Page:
The Social Distancing Practices to Remember When Commuting

woman on the train alone

It’s been almost a year since COVID-19 started spreading rapidly around the world. The health impact of the virus varies from person to person. Some people may experience mild symptoms, like colds and fevers. Others may get long-term symptoms, like loss of smell and taste, memory issues and muscle pain. Some health experts have also found that while COVID-19 primarily affects the respiratory system, the disease can also damage different organs in the body.

The virus can create long-term damage to heart muscles. The pneumonia it causes can lead to scars on the tiny air sacs in the lungs and lead to breathing issues. Some people may also get afflicted with strokes, seizures, and temporary paralysis after contracting the virus. COVID-19 can also contribute to creating blood clots. These clots could block small blood vessels in the heart and other organs, causing strokes, heart attacks, and even liver and kidney damage.

This virus should not be taken lightly. Its long-term effects have the potential to be life-threatening. Although vaccines have already been developed, it’ll take a while before you get access to them. If you’re required to go to the office every day, you need to make sure that you’re protected against COVID-19, as it can easily spread through respiratory droplets when an infected person coughs, sneezes, or talks. The virus can also thrive on surfaces for hours or even days.

Why Use Social Distancing

Your best bet is to use social distancing. This means keeping a safe space between yourself and other people who aren’t from your household. Apart from shielding yourself from the virus, you also minimize its spread when you’re social distancing. ;

The best social distancing method is to not go outside at all. You don’t get exposed to the virus, and if you are potentially infected, you don’t spread it to others. Ask your supervisor if you can work remotely every other day or week. Use cloud storage and file-sharing tools to submit your work. If possible, use HR platforms to track your work hours. Meetings are a breeze with video conferencing applications like Skype, Google Meet, and more.

If you absolutely need to go to the office, here are the best social distancing practices you should use.

Avoid the Rush Hour

Rush hour, even during a pandemic, can get quite hectic, as people scramble to get into the limited seats on the bus or train. This means that every public vehicle will probably be in maximum capacity. You don’t want to get mixed in a crowd just to get a seat. If possible, adjust your schedule so that you don’t have to commute during rush hour, which is usually around 6 to 9 AM and around 5 to 8 PM. Apart from minimizing your chances of getting infected, it also helps you get home from work faster, as the roads won’t be as congested. ;

woman at the subway

Use Contactless Payment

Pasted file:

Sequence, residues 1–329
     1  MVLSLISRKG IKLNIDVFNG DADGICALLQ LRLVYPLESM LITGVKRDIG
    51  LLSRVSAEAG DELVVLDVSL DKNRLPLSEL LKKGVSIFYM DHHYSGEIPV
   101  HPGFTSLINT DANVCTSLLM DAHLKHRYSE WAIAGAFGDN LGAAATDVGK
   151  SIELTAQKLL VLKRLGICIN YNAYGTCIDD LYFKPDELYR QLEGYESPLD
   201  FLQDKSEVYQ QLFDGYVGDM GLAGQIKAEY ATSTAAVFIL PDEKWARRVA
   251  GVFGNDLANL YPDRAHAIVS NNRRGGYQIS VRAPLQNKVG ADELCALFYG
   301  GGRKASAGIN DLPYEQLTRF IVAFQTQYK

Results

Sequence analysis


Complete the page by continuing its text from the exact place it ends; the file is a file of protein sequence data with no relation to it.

The virus that causes COVID-19 can live on different surfaces for a long time. With money being exchanged by multiple people, you’ll never know when you’ll be handed a bill that’s potentially carrying the disease to you. Use contactless payment methods like electronic tickets whenever possible. If you’re going to use a ride-sharing service like Lyft or Uber, just use your credit card or online payment wallets. The fewer the hands you exchange items with, the better.

Wear Appropriate Face Covering

It’s essential to cover your mouth and nose every time you go out. This minimizes the risk of inhaling infected droplets. If you’re infected, it also minimizes the chances of you spreading your own respiratory droplets to others. Try to use a disposable surgical mask. If you can’t find any at your nearest store or after doing a Facebook marketplace search, a reusable cloth mask will do. You could also buy custom neck gaiters online. Just make sure that these cloth coverings have multiple layers to ensure that they can at least filter out large respiratory droplets. They should also cover your lower face snugly. Wash them with soap and water after a day of use.

Keep Your Space

If you’re making your way through a crowded area, make a conscious effort to keep your space from other people. The Centers for Disease Control and Prevention (CDC) suggests that you should stay at least six feet away from people outside your household. Once you’re on the bus or train, stay a seat apart from other riders. If you’re not going that far, consider biking or walking to your destination instead to avoid crowds.

It’s been almost a year, and COVID-19 pandemic is still a public health problem. While some cities are slowly easing restrictions, you should still practice proper social distancing to quell the spread of the virus. If you need to commute to and from work every day, these suggestions help minimize your exposure to the virus. While they do require you to make compromises to your daily routine, it’s better to be safe than sorry.

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June 2024
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